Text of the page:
23 September 2007

The advice to PRISM

The advice of the lobbyist retained by the publishers has been revealed on the Web (Peter Suber has more of the story). The first paragraph of that advice is very telling:

The Coalition faces the daunting task of trying to win support for an issue in which publishers are not sympathetic - continuing to charge fees for access to scientific journals. It's hard to fight an adversary that manages to be both elusive and in possession of a better message: Free information. There's no magical sound bit that will cure this issue, however, at the present time there is little or no "pushback" from the publishing industry. To inject the industry's position into the debate, we recommend bypassing mass "consumer" audiences in favor of reaching a more elite group of decision makers employing strategies that emphasize "high-concept" rhetoric and in-the-trenches political-style communications.

Mmmm, interesting, eh? There's an even more interesting set of Rhetorical campaign points:

  • Develop simple messages (e.g., Public access equals government censorship; Scientific journals preserve the quality/pedigree of science; government seeking to nationalize science and be a publisher) for use by Coalition members

  • Develop analogies that put the public access issue into a context whereby target audiences will understand its pitfalls and perilous implications not to mention the hypocrisy of science leaders getting salaries and honoraria but declaring the publishing industry's need for capital as being somehow immoral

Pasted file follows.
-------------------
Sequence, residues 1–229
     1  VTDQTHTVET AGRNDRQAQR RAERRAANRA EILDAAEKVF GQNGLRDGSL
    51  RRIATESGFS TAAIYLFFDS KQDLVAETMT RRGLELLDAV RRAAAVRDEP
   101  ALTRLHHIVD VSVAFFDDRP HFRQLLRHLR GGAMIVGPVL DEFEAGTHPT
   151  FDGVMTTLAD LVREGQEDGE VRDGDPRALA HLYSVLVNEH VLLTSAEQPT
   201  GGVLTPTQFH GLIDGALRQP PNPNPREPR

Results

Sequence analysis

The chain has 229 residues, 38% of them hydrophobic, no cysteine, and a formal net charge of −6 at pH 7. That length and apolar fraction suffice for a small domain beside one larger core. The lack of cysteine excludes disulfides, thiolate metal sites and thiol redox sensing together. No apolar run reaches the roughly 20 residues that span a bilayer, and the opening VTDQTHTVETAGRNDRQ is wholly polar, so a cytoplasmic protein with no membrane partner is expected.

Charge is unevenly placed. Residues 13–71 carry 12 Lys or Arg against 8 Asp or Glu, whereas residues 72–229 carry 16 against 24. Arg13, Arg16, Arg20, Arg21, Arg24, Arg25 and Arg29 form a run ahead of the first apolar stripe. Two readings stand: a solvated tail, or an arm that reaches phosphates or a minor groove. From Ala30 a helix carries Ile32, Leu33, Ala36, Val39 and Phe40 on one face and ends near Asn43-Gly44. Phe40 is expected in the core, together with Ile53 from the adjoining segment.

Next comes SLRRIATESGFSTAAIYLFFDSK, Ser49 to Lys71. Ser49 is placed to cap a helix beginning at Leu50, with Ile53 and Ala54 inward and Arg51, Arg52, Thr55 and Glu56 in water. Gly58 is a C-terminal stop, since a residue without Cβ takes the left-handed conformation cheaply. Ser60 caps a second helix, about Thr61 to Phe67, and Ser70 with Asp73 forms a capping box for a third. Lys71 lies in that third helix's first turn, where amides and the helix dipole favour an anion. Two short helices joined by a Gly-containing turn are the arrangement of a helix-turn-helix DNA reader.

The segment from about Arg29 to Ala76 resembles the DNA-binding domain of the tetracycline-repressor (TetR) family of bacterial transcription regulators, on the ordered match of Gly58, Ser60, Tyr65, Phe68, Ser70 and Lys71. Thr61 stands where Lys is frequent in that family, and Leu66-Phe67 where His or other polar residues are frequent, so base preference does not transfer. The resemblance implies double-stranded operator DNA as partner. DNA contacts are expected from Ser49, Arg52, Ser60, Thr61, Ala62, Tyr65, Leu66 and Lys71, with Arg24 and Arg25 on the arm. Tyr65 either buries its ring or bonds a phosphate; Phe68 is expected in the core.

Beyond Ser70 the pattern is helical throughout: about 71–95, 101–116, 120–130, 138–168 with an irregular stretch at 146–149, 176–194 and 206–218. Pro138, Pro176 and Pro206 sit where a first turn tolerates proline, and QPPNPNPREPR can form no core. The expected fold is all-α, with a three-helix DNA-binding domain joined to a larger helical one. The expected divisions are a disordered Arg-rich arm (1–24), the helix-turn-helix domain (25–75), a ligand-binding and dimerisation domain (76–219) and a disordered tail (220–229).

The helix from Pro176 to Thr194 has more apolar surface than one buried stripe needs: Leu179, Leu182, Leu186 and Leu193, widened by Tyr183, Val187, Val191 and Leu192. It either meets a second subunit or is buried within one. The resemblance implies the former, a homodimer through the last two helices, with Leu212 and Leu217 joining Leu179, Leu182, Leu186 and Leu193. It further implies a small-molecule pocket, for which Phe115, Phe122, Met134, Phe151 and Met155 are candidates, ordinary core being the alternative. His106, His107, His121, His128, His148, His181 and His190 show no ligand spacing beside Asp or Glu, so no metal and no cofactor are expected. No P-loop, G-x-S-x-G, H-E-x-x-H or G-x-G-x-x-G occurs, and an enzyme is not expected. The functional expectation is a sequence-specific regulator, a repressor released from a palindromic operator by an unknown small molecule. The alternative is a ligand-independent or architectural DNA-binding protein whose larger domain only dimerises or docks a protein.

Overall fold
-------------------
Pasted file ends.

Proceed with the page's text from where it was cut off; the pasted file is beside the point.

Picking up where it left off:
• Paint a picture of what the world would look like without peer-reviewed articles.

    • In theory this may provide free taxpayer access to research that they fund, but they will pay eventually with substandard articles and their money being used to develop and maintain an electronic article depot rather than to fund new research.

Enough said, I think. It's beginning to dawn on the PRISM Coalition that they have shot themselves in the foot by adopting some of what was proposed and, clearly, for them to adopt some of the other ideas would be even more disastrous. For example, how much of the industry's profits go to investment in capital developments? Well, these companies' reports are on the Web and Reed Elsevier, for example, report that out of an operating profit of £1,210 million in 2006 (up 9% on 2005), capital expenditure was £196 million, while dividends paid to shareholders amounted to £371 million (up 10% on 2005), with a further £271 million being spent on share repurchases. So, 16% on capital developments and a total of 53% on dividends and share repurchasing. I think we can see where the company's priorities lie.

Not that this is a bad thing - companies are in business to pay dividends to shareholders, but I wonder what the profits would be if the publishers had to pay for their raw material and for the peer-review? I suspect that we would see many fewer journals and an even more rapid increase in true OA publishing.

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